A proud heritage, starting in 1922
By Jack White
Past International President
The International Brotherhood of Magicians had very humble beginnings. It started as a letter-writing exchange between three young men who shared a common interest, a love for the art of magic. M.J.G. McMullen of Canada, and Gordon Avery of Buffalo, New York began writing to each other about magic in 1922. A few months later a third young man joined in the correspondence campaign. His name was Ernest Schieldge.
If those names sound unfamiliar to you it is because they all changed their names and became known in order as Len Vintus, Gene Gordon, and Don Rogers. That trio became the nucleus of the fledgling I.B.M. Len Vintus took the Presidency and he became I.B.M. Member No. 1; Gene Gordon was Publicity Director with I.B.M. No. 2. Don Rogers became Editor of The Linking Ring, the Brotherhood’s official journal, and he became I.B.M. Member No. 3. Werner Dornfield, better known to magicians as “Dorny,” became involved and was given I.B.M. Membership No. 4, though he claimed to be the first official member since the others were all officers!
Membership grew rapidly. There was a clamoring for the formation of more local groups they called “Rings.” Gene Gordon established the first Ring in Rochester, New York. Additional Rings sprang up as members sought to meet and exchange ideas and interests in magic.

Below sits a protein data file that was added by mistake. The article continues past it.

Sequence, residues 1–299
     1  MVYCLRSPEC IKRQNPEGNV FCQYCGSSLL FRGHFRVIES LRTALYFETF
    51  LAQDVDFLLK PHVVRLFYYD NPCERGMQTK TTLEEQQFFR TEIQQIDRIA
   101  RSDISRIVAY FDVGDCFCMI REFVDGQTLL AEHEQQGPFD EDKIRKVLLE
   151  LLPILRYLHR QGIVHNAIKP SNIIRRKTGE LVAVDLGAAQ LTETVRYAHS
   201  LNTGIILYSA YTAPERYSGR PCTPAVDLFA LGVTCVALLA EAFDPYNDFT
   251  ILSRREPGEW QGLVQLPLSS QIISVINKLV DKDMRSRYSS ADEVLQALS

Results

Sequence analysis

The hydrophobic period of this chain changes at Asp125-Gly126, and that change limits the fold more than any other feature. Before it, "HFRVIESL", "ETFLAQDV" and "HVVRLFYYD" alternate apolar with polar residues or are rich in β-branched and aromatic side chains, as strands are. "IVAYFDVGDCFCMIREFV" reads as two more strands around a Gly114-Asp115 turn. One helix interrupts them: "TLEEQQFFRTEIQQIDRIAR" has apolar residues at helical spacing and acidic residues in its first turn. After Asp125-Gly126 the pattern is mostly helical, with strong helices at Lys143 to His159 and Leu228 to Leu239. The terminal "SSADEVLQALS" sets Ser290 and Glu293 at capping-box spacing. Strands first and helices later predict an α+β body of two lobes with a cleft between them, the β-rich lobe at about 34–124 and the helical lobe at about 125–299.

The objectives of the I.B.M. are simple. To organize individuals interested in the practice and promotion of the Art of Magic; to facilitate the exchange of magical ideas; and to promote harmony among those interested in magic. The first fully elected President was the legendary W.W. Durbin, who won the election during the first I.B.M. Convention that was held in Durbin’s backyard in Kenton, Ohio, in 1926.
During that same Convention the International Brotherhood of Magicians was incorporated and a Constitution and By-Laws were created. Since that time, regular elections are held each year and a business meeting is called to report on the state of the organization.
Now ninety-one years after its birth, the I.B.M. continues to forge ahead in bringing magicians together from around the world in the interest of advancing the ethics of magic, and to oppose exposures, to encourage literature, to promote professionalism in magic, and to promote humane treatment of live animals and birds used in our Art.
Today, there are over 300 I.B.M Rings worldwide, boasting nearly 11,000 members. Those who have served the I.B.M. for twenty-five years are given the “Order of Merlin” award, and there are additional levels of recognition for thirty-five, fifty, and sixty years of continuous membership. Some of our members have served for sixty and seventy years and continue to remain active. Dr. John Booth held the record as our longest-standing member, having been a member for over eighty-one years! Through the years, those members whose dedication to magic has led them to the highest office have made contributions of time and talent that are immeasurable. All have felt honored and have continued to serve in various capacities.
As we move forward, the I.B.M. is embracing new technology, but the object and goals remain the same. It is still the grandest magic organization in the world!